In a front page article on October 20, 2010, the New York Times reported on how the Chinese government encouraged a real estate investment binge that has resulted in a growing number of empty, speculatively built ghost cities. Now the video media has picked up the story in the well-done story linked to above and cited below.
Liberal columnist Frank Rich writes of the home movie “Disneyland Dream”—with a measure of eloquence, but unfortunately also with a measure of condescension and sarcasm. In the end, he believes the dream is dead.
But Rich is wrong. Disneyland is still the happiest place on earth, and Walt Disney’s entrepreneurial spirit is also still alive.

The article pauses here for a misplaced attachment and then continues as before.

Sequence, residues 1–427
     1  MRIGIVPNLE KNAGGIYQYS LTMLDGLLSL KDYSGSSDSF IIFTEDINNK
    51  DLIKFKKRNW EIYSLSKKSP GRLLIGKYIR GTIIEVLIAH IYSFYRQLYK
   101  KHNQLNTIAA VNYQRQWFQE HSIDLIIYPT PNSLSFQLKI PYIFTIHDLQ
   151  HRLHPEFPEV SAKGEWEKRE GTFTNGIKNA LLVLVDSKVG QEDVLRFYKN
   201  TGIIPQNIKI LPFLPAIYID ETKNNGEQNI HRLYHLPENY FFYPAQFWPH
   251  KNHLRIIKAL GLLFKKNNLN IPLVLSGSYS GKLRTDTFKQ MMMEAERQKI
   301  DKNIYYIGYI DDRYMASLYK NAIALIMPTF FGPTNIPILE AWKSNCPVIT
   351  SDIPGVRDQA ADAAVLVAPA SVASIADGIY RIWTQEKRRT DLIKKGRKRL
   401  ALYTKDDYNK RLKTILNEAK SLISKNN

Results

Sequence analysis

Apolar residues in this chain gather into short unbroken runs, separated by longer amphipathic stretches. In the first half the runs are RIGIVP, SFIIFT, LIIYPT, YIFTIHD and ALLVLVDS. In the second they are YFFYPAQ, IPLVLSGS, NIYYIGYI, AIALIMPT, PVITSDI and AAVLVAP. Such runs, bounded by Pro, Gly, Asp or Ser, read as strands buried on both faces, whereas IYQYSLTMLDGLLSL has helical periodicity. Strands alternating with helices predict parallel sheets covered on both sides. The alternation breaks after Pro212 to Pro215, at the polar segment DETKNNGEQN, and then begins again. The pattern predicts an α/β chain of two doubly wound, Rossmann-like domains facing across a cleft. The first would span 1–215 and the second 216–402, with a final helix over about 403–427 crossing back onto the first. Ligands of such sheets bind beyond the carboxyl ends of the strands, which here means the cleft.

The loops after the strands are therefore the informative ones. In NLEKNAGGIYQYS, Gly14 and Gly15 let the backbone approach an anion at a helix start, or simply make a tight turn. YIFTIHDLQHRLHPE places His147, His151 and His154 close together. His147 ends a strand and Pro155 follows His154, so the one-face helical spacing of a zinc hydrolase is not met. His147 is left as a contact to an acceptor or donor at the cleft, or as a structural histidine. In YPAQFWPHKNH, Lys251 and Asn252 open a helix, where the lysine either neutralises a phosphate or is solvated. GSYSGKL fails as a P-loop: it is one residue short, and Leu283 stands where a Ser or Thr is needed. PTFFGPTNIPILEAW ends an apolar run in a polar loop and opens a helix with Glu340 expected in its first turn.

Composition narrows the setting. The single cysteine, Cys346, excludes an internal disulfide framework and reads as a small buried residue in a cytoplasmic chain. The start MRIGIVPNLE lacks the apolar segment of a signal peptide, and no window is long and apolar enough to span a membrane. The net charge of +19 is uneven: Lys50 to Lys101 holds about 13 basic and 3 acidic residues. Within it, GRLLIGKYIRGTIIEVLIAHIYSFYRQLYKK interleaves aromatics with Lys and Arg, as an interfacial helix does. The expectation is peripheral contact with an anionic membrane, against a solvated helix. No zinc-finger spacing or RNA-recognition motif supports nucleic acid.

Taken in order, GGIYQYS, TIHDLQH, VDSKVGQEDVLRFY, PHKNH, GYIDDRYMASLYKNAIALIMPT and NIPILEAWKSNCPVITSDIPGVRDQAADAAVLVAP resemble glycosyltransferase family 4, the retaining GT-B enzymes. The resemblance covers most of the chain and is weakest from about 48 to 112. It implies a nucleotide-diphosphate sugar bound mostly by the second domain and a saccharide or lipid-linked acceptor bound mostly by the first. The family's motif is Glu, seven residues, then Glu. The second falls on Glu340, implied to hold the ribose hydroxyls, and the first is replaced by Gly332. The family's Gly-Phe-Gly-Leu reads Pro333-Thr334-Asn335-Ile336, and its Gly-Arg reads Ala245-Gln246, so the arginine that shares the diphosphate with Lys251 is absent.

Here are a couple of the more eloquent bits of Rich (though not entirely devoid of sarcasm):
(p. 14) “Disneyland Dream” was made in the summer of 1956, shortly before the dawn of the Kennedy era. You can watch it on line at archive.org or on YouTube. Its narrative is simple. The young Barstow family of Wethersfield, Conn. — Robbins; his wife, Meg; and their three children aged 4 to 11 — enter a nationwide contest to win a free trip to Disneyland, then just a year old. The contest was sponsored by 3M, which asked contestants to submit imaginative encomiums to the wonders of its signature product. Danny, the 4-year-old, comes up with the winning testimonial, emblazoned on poster board: “I like ‘Scotch’ brand cellophane tape because when some things tear then I can just use it.”
. . .